On Thursday, June 11, 2020, the Small Business Administration (SBA) issued an update to its initial interim final rule on the Paycheck Protection Program (PPP), which was originally enacted as part of the CARES Act on March 27, 2020. The update incorporates key changes from the Paycheck Protection Program and Health Care Enhancement Act (enacted on April 24) and the Paycheck Protection Program Flexibility Act of 2020 (enacted on June 5). Following are the most important provisions:
The update confirms that the maturity date of all loans made before June 5, 2020 is two years unless mutually extended by agreement of the lender and borrower. The maturity date is five years for loans made on or after June 5, 2020. The update provides that the date on which the SBA assigns a loan number to the PPP loan is the date the loan is “made” for this purpose.
Further, the update elaborates on the deferral period for PPP loans. If a borrower submits its forgiveness application to its lender within ten months of the last day of its covered period, all payments of principal and interest are deferred until the SBA remits the loan forgiveness amount to the lender. If a borrower fails to submit its forgiveness application within that period, the lender may require the borrower to begin making payments on the 10-month anniversary date.
Loan Forgiveness – Minimum Payroll Costs
Prior SBA guidance provided that at least 60% of the PPP loan amount and
forgiveness amount must be payroll expenses. The PPP Flexibility Act overrode that administrative pronouncement and instead provides that at least 60% of the PPP loan amount must be used for payroll costs. According to the update, the SBA is interpreting this requirement as a proportional limit and not a “cliff” or absolute bar to any forgiveness if the borrower uses less than 60% of the loan amount for payroll costs. The SBA essentially has interpreted the rule to focus on percentages of the forgiveness amount rather than the loan amount. In an example, the SBA considers a situation in which a borrower receives a $100,000 loan and spends $54,000 on payroll costs. The SBA concludes that the borrower in that example would be limited to $90,000 of loan forgiveness (with the $54,000 of payroll costs representing 60% of $90,000).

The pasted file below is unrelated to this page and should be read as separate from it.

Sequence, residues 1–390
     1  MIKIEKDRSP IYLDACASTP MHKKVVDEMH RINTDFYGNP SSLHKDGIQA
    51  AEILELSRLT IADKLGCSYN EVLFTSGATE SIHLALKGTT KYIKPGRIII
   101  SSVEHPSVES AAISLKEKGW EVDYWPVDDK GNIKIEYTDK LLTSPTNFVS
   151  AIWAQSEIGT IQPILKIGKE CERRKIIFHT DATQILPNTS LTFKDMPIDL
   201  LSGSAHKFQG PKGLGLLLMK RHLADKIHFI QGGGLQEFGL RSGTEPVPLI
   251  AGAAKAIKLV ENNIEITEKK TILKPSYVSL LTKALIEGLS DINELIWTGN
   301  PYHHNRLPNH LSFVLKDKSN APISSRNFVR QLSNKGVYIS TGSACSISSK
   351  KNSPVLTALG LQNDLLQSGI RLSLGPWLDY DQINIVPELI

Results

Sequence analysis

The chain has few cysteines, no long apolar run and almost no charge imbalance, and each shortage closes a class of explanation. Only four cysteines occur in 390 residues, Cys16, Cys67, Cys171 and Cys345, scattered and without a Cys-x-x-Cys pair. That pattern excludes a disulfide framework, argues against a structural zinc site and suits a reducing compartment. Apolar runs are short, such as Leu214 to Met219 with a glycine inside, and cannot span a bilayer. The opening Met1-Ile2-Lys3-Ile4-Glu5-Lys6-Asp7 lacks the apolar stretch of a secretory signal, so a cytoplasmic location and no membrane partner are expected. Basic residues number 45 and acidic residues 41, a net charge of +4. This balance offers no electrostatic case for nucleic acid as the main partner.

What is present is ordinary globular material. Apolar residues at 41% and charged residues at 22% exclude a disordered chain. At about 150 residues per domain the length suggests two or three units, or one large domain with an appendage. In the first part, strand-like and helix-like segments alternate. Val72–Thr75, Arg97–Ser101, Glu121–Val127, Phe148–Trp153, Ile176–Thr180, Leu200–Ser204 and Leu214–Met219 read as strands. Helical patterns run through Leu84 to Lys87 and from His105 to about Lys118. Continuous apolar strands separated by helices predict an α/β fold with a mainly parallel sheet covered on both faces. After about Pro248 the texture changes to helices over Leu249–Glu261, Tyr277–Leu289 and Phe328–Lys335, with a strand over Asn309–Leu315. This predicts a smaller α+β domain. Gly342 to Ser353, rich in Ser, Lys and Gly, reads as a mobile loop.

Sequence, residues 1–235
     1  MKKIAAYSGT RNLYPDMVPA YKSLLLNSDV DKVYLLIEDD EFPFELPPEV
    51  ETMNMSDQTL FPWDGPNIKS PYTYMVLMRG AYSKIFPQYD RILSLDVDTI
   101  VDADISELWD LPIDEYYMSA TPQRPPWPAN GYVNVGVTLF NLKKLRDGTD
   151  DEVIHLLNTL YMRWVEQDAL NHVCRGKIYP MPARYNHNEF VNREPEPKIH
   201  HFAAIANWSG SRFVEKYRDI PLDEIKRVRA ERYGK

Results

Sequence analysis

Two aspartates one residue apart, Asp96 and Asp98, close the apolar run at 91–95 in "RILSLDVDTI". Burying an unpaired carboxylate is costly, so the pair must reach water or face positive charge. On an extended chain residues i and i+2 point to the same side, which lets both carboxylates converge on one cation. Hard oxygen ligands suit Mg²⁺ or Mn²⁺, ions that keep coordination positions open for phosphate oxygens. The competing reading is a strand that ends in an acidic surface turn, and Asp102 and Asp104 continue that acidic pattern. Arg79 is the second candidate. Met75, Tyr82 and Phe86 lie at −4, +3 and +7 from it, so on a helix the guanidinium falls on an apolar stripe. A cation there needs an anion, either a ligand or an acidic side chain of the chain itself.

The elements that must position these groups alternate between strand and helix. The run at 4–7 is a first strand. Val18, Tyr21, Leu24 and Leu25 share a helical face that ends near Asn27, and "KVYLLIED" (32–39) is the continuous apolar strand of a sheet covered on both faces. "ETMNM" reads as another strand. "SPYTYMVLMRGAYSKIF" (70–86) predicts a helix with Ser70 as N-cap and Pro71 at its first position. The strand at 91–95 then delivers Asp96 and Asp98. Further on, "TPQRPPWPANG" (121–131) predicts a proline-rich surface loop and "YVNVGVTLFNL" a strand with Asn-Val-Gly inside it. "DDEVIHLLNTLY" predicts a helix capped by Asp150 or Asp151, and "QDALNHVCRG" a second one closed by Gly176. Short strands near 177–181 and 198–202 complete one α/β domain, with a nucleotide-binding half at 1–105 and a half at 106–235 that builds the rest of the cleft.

The SBA then confusingly revises the prior rule regarding how PPP loans can be used and explicitly states, “At least 60 percent of the PPP loan proceeds shall be used for payroll costs.” This language appears to be directly at odds with the SBA’s lengthy discussion summarized above. While this language seems inconsistent and therefore creates unnecessary confusion, it seems clear that the more specific discussion and the above-example will control a situation in which a borrower spends less than 60% of the PPP loan amount on payroll costs.
Loan Forgiveness – Amount
The update importantly states that the amount of loan forgiveness can be up to the full amount of principal plus
accrued interest on the loan, despite contrary language in Section 1106(d)(1) of the CARES Act, which states, “The amount of loan forgiveness under this section shall not exceed the principal amount of the financing made available under the applicable covered loan.” The SBA interpretation provides borrowers with the opportunity to receive a slightly higher amount of loan forgiveness.
The update states that the SBA will be issuing additional revisions to its prior interim final rules on loan forgiveness and loan review procedures as well as advance purchases of PPP loans.
Please contact Will Johnson
or your HSB attorney for additional information on the Paycheck Protection Program.
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